The fourth Sunday in Lent can find us feeling bogged down in the middle of an intense time of year in the church. How much longer must we wait — how much more deeply must we go — until the light of Easter morning? This week’s texts of Numbers 21:4-9 and John 3:13-22 do little to ease our angst in wanting to get on with things. Both are tough texts. I invite you to read them if you were not in worship this past Sunday. I also invite you to listen to Sunday’s sermon (http://discipleschristian.org/site/sermons).
There is a bright spot of probably the most quoted and most remembered verse in all of New Testament scripture. So well known that we know if by chapter and verse. John 3:16. Did you learn it as a child? Can you recite it still? This passage that shapes our Christian faith has reached far beyond our churches — it’s even made known on football fields!
For God so loved the world, that he gave his only begotten Son, that whosoever believeth in him should not perish, but have everlasting life. (KJV)
Are you confused by the turnaround from John 3:16 that says God has chosen to love and include everyone in the gift of his Son – that so quickly morphs into to judgment against those who do not believe? If so, you are not alone. How can God so love the world and at the same time seem to condemn so many in it?
It’s a huge and unanswerable question. I’m reminded of a professor who advised that when preaching from the gospel of John, we should remember that: It’s John’s style to say things that border on the offensive. John’s writing puts to us a test of what we can confirm as the gospel truth and yet we are wise to be cautious against accepting John’s dichotomies without question. He said that we ought to be puzzled by John. That we should expect to be offended by John. But that we must not silence his Jesus by deciding what he should not have said and what his hearers should not hear.
So, we are left with this, well, which is it? Unconditional love and acceptance in the light or doomed in the darkness?
John’s gospel makes extensive use of the concepts of light and darkness.
What has come into being in him was life, and the life was the light of all people… The light shines in the darkness, and the darkness did not overcome it… I am the light of the world… Whoever follows me will never walk in darkness but will have the light of life.
How wonderful it would be if we simply made our way basking in that tremendous light, but I suppose if we did, I’d be out of a preaching job! We are painfully aware that life is not all light. Life is the interplay interplay between light and dark. And in that interplay, light does not always come out a winner.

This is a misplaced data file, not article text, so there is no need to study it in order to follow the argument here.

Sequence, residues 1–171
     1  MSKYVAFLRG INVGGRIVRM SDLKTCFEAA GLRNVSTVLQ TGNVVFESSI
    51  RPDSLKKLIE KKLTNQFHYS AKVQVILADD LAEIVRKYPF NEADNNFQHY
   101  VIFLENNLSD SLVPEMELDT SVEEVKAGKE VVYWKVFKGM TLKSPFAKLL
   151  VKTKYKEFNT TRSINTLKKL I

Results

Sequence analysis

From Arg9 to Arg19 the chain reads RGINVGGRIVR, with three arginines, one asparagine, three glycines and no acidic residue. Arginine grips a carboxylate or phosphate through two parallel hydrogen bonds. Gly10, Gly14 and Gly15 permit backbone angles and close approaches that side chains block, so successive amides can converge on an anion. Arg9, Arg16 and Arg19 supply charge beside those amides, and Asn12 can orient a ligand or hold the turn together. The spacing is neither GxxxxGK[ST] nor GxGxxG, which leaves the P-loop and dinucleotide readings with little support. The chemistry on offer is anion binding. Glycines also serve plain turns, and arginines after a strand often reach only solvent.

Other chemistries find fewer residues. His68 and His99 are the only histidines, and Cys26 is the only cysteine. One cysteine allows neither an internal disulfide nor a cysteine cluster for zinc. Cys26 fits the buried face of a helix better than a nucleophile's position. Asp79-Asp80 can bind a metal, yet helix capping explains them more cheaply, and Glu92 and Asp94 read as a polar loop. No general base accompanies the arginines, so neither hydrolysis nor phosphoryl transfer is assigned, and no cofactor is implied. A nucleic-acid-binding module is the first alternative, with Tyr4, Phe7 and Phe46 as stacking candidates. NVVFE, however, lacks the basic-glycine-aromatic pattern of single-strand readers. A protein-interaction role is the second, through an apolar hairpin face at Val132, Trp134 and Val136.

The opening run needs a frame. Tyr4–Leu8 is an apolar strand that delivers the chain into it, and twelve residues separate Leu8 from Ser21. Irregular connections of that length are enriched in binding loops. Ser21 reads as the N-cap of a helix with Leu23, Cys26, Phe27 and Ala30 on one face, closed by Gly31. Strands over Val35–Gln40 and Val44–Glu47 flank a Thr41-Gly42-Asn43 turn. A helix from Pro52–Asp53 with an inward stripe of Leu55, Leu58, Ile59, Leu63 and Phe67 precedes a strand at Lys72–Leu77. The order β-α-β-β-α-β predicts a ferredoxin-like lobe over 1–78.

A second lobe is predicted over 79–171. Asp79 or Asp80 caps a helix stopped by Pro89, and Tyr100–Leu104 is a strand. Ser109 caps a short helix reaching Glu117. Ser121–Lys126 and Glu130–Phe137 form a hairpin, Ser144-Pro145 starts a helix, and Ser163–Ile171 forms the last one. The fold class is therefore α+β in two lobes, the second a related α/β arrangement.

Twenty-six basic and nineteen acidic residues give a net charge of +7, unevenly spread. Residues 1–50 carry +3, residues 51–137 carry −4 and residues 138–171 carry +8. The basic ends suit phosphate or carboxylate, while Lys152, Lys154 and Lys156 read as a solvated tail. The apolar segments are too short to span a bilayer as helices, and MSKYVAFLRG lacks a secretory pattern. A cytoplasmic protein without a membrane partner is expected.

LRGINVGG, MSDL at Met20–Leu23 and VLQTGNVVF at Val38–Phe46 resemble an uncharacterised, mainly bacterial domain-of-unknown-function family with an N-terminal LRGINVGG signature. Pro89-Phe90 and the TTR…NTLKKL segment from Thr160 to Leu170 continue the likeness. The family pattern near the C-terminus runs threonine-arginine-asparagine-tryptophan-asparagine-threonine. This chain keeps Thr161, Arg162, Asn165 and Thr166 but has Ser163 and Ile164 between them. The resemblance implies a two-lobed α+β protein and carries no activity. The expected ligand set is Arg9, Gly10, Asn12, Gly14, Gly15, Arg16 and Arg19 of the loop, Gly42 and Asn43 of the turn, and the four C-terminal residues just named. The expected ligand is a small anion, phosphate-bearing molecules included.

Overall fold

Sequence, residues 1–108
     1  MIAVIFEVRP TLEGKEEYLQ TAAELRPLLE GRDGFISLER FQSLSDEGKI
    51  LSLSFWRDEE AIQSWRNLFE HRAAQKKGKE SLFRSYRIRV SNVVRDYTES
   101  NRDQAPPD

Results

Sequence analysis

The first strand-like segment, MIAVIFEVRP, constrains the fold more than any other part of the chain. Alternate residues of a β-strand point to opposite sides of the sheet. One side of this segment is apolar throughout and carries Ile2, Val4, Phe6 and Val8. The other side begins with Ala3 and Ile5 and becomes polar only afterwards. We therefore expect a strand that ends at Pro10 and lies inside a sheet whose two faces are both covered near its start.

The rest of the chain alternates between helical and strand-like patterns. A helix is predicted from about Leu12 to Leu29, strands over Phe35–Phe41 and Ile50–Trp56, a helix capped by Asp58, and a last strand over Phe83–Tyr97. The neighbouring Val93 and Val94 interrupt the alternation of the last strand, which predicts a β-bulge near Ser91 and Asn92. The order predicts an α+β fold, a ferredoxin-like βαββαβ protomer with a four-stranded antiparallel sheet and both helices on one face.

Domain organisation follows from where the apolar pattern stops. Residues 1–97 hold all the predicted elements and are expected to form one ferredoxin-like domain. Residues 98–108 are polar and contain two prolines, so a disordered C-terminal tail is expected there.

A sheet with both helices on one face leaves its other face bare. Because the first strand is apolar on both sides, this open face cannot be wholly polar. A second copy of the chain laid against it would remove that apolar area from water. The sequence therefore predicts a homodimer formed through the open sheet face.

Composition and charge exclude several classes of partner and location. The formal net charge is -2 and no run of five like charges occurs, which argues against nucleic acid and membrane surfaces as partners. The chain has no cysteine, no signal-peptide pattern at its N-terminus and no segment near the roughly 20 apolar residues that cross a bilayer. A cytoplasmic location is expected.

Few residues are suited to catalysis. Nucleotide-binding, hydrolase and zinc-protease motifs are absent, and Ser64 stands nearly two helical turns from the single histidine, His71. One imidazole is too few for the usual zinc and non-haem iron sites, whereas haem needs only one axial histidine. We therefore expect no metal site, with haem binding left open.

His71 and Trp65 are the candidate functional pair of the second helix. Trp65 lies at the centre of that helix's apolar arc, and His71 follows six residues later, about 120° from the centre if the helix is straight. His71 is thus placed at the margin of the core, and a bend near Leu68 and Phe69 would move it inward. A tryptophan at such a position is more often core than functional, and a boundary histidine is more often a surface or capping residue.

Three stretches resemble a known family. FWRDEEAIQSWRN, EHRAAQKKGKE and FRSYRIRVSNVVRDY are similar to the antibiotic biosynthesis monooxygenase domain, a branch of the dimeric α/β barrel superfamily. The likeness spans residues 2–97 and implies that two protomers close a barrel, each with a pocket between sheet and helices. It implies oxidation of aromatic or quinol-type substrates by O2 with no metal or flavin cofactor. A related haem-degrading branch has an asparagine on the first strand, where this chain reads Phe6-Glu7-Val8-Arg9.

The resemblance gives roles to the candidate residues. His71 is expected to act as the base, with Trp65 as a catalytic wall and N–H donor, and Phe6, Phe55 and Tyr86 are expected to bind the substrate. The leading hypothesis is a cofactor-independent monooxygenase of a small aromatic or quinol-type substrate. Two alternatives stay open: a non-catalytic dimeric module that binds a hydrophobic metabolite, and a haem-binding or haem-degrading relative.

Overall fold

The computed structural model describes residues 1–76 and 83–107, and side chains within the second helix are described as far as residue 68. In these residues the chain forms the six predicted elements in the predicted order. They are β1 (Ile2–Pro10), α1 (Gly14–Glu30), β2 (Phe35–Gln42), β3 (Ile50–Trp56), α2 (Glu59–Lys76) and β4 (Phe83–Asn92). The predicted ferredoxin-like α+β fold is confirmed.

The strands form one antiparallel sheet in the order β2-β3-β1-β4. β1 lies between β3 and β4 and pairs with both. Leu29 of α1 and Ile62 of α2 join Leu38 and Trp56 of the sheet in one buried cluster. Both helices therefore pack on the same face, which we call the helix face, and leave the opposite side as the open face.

John sees light and dark without ambiguity. The gospel writer sees light and darkness as black and white. But in our reality, those lines get blurred. Shades of gray are more likely, and light shining into the shadow parts of our lives is not always welcome.
Jesus as the light of the world reveals who we are. The light exposes the values that shape our lives. The light that is Jesus shines right on the very parts of us we’d like most to be hidden. I suppose whether it is good news or bad news has much to do with what you are doing when the spotlight that is Jesus sweeps across the corner in which you live. Unexpectedly. Before you’ve had a chance to tidy up? The light that brings with it these two questions:
Who are you when no one is looking?
And how is that working out for you?
I think there is a tendency with this text to draw lines – just as John the gospel writer has drawn lines. If those who live in the light are saved – well, then, we’re supposed to be on that side. And those other people – those people we don’t know, those people who don’t know, those people in any form – they’re the ones who will be left in the dark. I pray you will resist that temptation because this is squarely about our own need for Christ.
Each of us has some shadow work to do. Each of us has some dark corners that would not bear well the light of day, let alone the light of Christ. As Jesus put it, if the lamp within you is, in fact, darkness, then great darkness there will be. (Matthew 6:23)
May it be good news that even the darkness cannot escape the light that is Jesus Christ. We can argue about whether it’s ever too late to welcome that light. We won’t get that figured out in one sermon or one Monday afternoon blog post! But this I know – there’s no time like the present. There’s no next moment that is more perfect than this moment.
With the Light of Christ, the darkness will not win.